In Indiana, the government party and House party is that of democrats. The senate party is that of republicans. Control of the House was divided after the 1996 elections. Democrats control Speaker and Committee Chairs. In the legislative session of January 8 – March 13, the governor condemned anti-gay intolerance in the state and replaced Indiana Civil Rights Commissioner, Ruth Benevente, who wanted to fire all gay and lesbian people in the state.

Indiana seems to dodge sexual orientation in many of there laws where it is definitely called for. Civil rights law includes no sexual orientation. Hate crimes law includes no sexual orientation. There is no sodomy law in place. Yet, same gender marriages have been considered and banned, in Indiana, by law.

With the extent of the progress being made in the education of the homosexual condition, there is no excuse for prejudice. The Catholic Church embraces everyone. Homosexual activity is not right, but homosexuals may still live a full life within the church. They are called to chastity as demonstrated in this bible passage:

“That [celibacy] is something which not everyone can accept, but only those for whom God has appointed it. For while some are incapable of marriage because they were born so, or were made so by men, there are others who have themselves renounced marriage for the sake of the Kingdom of Heaven. Let hose accept it who can” (Matthew 19: 11-12).

In many cases the wisest words ever stated on various subject were stated years and years ago. This last Bible passage, if carefully read, demonstrates the way in which we, as human beings, should act towards one another when differences of our persons arise.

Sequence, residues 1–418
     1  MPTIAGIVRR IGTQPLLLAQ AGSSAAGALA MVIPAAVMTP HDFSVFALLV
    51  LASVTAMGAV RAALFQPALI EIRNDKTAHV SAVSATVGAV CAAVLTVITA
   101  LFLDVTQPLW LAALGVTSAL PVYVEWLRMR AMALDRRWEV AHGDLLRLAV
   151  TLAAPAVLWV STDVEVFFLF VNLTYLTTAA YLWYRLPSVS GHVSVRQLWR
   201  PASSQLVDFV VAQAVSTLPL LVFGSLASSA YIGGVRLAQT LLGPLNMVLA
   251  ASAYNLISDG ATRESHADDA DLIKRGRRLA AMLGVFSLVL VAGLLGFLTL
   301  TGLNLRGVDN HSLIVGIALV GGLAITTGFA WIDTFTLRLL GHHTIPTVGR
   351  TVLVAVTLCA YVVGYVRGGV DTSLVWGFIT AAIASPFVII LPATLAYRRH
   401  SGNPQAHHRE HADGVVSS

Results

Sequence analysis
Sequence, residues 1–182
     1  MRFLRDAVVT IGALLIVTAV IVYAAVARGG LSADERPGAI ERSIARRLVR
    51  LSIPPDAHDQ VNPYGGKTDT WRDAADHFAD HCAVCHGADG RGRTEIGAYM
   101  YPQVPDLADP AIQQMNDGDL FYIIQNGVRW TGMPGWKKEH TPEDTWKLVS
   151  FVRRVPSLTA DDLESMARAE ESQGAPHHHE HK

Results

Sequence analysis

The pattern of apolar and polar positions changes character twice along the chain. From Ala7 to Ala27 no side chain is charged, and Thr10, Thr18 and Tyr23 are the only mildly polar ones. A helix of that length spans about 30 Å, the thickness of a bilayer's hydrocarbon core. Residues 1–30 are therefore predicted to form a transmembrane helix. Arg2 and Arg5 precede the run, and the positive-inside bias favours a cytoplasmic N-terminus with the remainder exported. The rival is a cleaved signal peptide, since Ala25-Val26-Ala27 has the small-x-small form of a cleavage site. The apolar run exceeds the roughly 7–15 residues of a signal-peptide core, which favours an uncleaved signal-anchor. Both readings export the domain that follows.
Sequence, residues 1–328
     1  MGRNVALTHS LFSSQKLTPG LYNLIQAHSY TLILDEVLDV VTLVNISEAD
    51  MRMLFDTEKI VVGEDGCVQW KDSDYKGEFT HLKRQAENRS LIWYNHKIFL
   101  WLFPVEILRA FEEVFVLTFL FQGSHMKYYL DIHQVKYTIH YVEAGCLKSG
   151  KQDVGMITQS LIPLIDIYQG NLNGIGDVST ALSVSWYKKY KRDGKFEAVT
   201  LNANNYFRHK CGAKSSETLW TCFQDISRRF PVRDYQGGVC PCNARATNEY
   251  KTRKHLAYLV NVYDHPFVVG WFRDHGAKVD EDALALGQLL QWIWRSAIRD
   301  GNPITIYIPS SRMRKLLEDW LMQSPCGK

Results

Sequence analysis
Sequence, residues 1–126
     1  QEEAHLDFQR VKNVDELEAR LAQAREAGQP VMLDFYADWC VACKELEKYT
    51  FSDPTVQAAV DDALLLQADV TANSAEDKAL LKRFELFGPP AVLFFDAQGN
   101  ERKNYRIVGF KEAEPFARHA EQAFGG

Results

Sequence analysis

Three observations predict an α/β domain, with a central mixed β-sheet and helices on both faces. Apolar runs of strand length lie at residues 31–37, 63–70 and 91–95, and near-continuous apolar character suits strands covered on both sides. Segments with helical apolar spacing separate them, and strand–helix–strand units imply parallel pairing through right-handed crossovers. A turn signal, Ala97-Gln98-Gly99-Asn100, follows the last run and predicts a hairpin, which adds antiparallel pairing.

“Do not conform to the standards of the world around you, but change your attitudes through a complete renewal of mind, that you may discern the will of God and know what is good, desirable, and right… Just as there are numerous parts in the human body, all with different functions, so too we – though many – form one body in Christ and belong individually as members to each other and yet have different personal attributes according to the favor God has bestowed on us… Love each other with the affection of sisters and brothers, and have a profound respect for one another… Treat all people in equal consideration; never be haughty, but go about with humble folk; and under no circumstances allow yourself to become self-satisfied… Do whatever possible, on your part, to live at peace with everybody… (Romans 12: 2, 4-6, 10, 16, 18.)

If we can all live by these words, whether we are educated on a subject of prejudice or not, we can all live in harmony around one another complementing all the wonderful attributes God has bestowed on us differently. The only way one can attempt to tackle such an issue is to keep reminding oneself how Jesus would have reacted if put in the same position as such controversies today.


Backous, Timothy, and Graham, William C. Common Good, Uncommon Questions. Minnesota : The Liturgical Press, 1997.

Blumenfeld, Warren J., and Raymond, Diane. Looking At Gay And Lesbian Life.

New York : Philosophical Library, 1988.

Califia, Pat. The Advocate Adviser. Boston : Alyson Publications, 1991.

Clausen, Jan. Beyond Gay Or Straight. Philadelphia : Chelsea House Publishers,


Downing, Christine. Myths and Mysteries of Same-Sex Love. New York :

Continuum, 1989.

Gramick, Jeannine, et al. Homosexuality and the Catholic Church. Illinois : The Thomas More Press, 1983.

“Homosexuality.” Our Sunday Visitor’s Encyclopedia of Catholic Doctrine. 1997. ed.

“Homosexuality, Social Implications of.” The New Dictionary of Catholic Social Thought. 1994. ed.

Isay, Richard A. Being Homosexual. New York : Avon Books, 1990.

Kirk, Marshall. After the Ball. New York : Doubleday, 1989.

Leviticus. Holy Bible. Kansas : Catholic Bible Publishers, 1970. 18:22.

Nugent, Robert, et al. A Challenge to Love. New York : Crossroad, 1983.

Regeneration. No Easy Way. Baltimore : Regeneration, Inc., 1991.

The Second Vatican Ecumenical Council. Catechism of the Catholic Church. Missouri : Liguori Publications, 1992. p. 566.

Sullivan, Andrew. Virtually Normal. New York : Alfred A. Knopf, 1995.